SKOWHEGAN — With written provisions to include an on-duty traffic attendant and close monitoring of parking on downtown streets during the daytime, the Skowhegan Planning Board has approved the site plan for a high school to be operated by the Cornville Regional Charter School.

The vote was 4-0 Tuesday night, with member Chris Kruse not in attendance.

“Our goal is to be part of the downtown, not a hindrance,” engineer Steve Govoni, of Wentworth Partners & Associates Inc., told the board after presenting the plan.

The site plan application was submitted by Govoni, of Skowhegan, on behalf of the Cornville Regional Charter School. The approved plan changes the designation of the so-called Merrill Block on Water Street and Commercial Street from mercantile to educational.

The site is the former Holland’s Variety Drug, with 5,000 square feet of space on the ground floor and 10,000 square feet of vacant space on the second floor that once was home to Skowhegan District Court and law offices.

Approval also is contingent on the completion of a three-year plan for off-site parking, which ultimately will include transportation for an estimated 240 students and 49 staff members. There will be a need for 64 parking spots to be negotiated at private locations such as Hight’s auto dealership, the nearby Catholic church, the lot on Island Avenue next to the Federated Church, space next to New Balance and even spots in Madison.

The plan approved Tuesday night allows for eight parking spaces in the municipal parking lot for staff members who arrive early in the morning. There also is a provision for quick stops for parents to drop off such things as lunch, books or a computer for their children, the board agreed.

Travis Works, executive director of the charter school, said they are in the process of buying the entire building from Kevin Holland, owner of Variety Drug, which moved to High Street a couple of years ago. Works said the school is borrowing and financing the $250,000 needed to buy the building, which also includes ground floor space occupied by the Skills Inc. thrift store and Ginny’s Natural Corner health food store, both of which will remain in place. The former drugstore, with entrances on both Water Street and Commercial Street, has 5,000 square feet of space. Walls can be used to designate five classrooms or can be folded down to open the area up for what Works calls collaborative work space.

“We’ll have glass folding walls. The reason is that we run on a metaphor that learning is transparent, so we want to keep that theme,” he said previously. “You can create different size rooms at any different point. Kids can work in a flexible work environment and groups can assemble.”

Science, technology, engineering and mathematics will share space with the conventional three Rs.

The Cornville Regional Charter School opened as Maine’s first elementary charter school in 2012.

Upstairs, where the court, district attorney’s office, the probate judge and lawyers’ offices were located, is 10,000 square feet of space, all of which will be used for school offices and student project rooms.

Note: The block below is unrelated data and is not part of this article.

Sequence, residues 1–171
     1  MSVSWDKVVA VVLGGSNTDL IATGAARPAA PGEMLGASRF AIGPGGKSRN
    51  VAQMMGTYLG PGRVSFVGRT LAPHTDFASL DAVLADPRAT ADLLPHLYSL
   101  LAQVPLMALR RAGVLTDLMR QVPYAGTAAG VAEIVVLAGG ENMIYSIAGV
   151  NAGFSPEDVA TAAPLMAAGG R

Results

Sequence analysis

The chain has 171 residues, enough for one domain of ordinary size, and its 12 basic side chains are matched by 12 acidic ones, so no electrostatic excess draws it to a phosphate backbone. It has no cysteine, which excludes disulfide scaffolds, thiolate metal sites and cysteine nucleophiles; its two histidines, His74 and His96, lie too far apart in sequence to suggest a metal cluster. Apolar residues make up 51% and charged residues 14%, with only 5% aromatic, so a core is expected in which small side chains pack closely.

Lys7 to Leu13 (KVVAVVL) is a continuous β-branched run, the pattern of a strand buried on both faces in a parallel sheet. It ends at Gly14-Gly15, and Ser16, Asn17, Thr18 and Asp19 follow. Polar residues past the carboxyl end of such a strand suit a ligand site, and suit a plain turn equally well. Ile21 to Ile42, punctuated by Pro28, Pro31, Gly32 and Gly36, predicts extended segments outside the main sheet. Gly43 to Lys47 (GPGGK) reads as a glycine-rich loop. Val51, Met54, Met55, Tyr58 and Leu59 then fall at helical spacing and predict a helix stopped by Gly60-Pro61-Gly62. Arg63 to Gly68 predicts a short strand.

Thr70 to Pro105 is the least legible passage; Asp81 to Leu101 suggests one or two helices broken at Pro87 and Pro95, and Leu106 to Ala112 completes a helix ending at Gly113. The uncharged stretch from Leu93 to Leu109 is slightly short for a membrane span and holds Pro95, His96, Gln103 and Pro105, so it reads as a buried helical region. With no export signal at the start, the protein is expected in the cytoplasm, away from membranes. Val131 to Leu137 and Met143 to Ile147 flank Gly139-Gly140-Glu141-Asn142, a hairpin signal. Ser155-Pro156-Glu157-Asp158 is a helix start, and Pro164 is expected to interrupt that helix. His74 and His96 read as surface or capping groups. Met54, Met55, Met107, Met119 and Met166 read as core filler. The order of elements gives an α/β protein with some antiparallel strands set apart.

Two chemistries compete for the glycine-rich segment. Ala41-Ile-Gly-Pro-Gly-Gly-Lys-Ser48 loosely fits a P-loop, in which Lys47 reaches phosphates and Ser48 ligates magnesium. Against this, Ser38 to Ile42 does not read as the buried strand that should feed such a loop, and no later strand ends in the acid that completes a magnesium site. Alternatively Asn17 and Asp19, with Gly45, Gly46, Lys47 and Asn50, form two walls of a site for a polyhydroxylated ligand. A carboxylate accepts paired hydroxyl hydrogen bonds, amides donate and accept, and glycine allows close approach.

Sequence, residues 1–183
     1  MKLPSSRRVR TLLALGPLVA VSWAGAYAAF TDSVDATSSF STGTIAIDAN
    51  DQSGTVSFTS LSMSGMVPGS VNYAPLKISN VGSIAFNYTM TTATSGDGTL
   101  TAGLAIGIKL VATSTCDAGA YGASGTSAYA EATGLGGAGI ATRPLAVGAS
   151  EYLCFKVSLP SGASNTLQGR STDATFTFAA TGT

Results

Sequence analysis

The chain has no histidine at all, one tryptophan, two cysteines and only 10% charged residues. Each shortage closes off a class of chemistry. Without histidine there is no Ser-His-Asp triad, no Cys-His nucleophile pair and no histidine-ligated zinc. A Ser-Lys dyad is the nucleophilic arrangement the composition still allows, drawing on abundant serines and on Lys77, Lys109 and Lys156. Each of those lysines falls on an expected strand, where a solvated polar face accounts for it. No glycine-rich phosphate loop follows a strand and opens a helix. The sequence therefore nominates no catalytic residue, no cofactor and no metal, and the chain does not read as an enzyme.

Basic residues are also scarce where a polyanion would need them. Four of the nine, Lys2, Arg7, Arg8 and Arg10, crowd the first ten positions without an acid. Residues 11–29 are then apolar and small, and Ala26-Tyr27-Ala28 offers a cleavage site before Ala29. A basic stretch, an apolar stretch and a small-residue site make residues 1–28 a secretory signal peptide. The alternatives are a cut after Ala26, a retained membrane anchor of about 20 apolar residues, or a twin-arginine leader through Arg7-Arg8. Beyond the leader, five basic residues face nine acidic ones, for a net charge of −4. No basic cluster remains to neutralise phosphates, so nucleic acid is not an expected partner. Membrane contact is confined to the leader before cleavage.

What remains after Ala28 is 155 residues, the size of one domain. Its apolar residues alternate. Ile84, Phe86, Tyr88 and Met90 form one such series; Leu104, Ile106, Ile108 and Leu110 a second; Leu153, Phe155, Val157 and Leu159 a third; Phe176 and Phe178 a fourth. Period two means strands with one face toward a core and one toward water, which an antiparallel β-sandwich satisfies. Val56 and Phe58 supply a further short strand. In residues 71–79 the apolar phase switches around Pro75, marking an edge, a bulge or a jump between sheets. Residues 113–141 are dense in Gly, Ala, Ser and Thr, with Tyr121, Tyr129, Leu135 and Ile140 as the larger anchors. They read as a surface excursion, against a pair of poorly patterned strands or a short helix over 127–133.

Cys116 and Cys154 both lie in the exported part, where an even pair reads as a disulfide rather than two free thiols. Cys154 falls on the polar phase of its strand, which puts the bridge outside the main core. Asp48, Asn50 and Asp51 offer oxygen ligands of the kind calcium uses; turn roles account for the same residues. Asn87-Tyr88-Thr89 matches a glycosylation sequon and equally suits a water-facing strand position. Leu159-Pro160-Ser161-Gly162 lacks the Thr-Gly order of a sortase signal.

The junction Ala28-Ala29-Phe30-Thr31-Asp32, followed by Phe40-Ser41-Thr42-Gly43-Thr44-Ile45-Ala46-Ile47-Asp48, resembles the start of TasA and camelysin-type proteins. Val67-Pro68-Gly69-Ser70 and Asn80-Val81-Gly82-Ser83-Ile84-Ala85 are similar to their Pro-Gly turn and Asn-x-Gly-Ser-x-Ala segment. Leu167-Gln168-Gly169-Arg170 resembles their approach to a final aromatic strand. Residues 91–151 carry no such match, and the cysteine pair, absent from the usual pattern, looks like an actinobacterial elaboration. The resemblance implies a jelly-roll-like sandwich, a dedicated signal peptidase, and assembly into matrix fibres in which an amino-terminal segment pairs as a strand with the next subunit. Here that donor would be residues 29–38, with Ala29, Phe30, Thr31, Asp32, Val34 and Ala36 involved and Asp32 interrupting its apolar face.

Public concern from business owners along busy Water Street about parking and safety have been addressed, Works said, with the designation of the main entrance on Commercial Street, where there is less traffic. As for parking, a private park-and-ride lot has been established on U.S. Route 201 about 2 miles north of downtown.

“If kids drive, they park and we bus them in. Our buses will pick them up,” he said. “It will tap into the busing system that we currently have.”

Works said the school’s main entrance will be on the Commercial Street side, which is quieter and has less traffic and a crosswalk with caution lights on demand. Students, parents and visitors will enter the school from there, where the main office for the principal and the administrative assistant and the lobby will be.

Govoni also noted that release times will be staggered, with three school buses, maybe four in future years, parking next to the Chamber of Commerce building. School hours also will differ from the opening and closing times at Skowhegan Area High School.

Govoni also noted that the size of the student groups leaving at the “final bell” are bound to be smaller with after-school clubs, athletics and speech, drama and art.

The three-year time frame allowed for the transportation plan is based on the fact that in the first two years, only freshmen and sophomores will be attending the school, students who still will be too young to drive. The traffic attendant will be hired by the school in an agreement between the charter school and the town, with no taxpayer money involved. He or she will not be a police officer.

Skowhegan police Chief Don Bolduc and Fire Chief Shawn Howard both have signed off on the site plan for the school.

Works noted that, in the style of a charter school, the classrooms will not be designated in grade levels for high school, such as the conventional 10th, 11th and 12th grades, but will be organized according to advancement of students ages 12 to 20.

The elementary-level charter school is organized in the same way for students ages 5 to 14, so there will be some overlap between the two campuses, Works said. He said he expects 45 students in the charter high school the first year and eventually 240 students. The Cornville campus serves a population of about 144 students in kindergarten through eighth grade from 11 surrounding communities. Classes are expected to begin at the charter high school in August.

Doug Harlow — 612-2367

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Twitter:@Doug_Harlow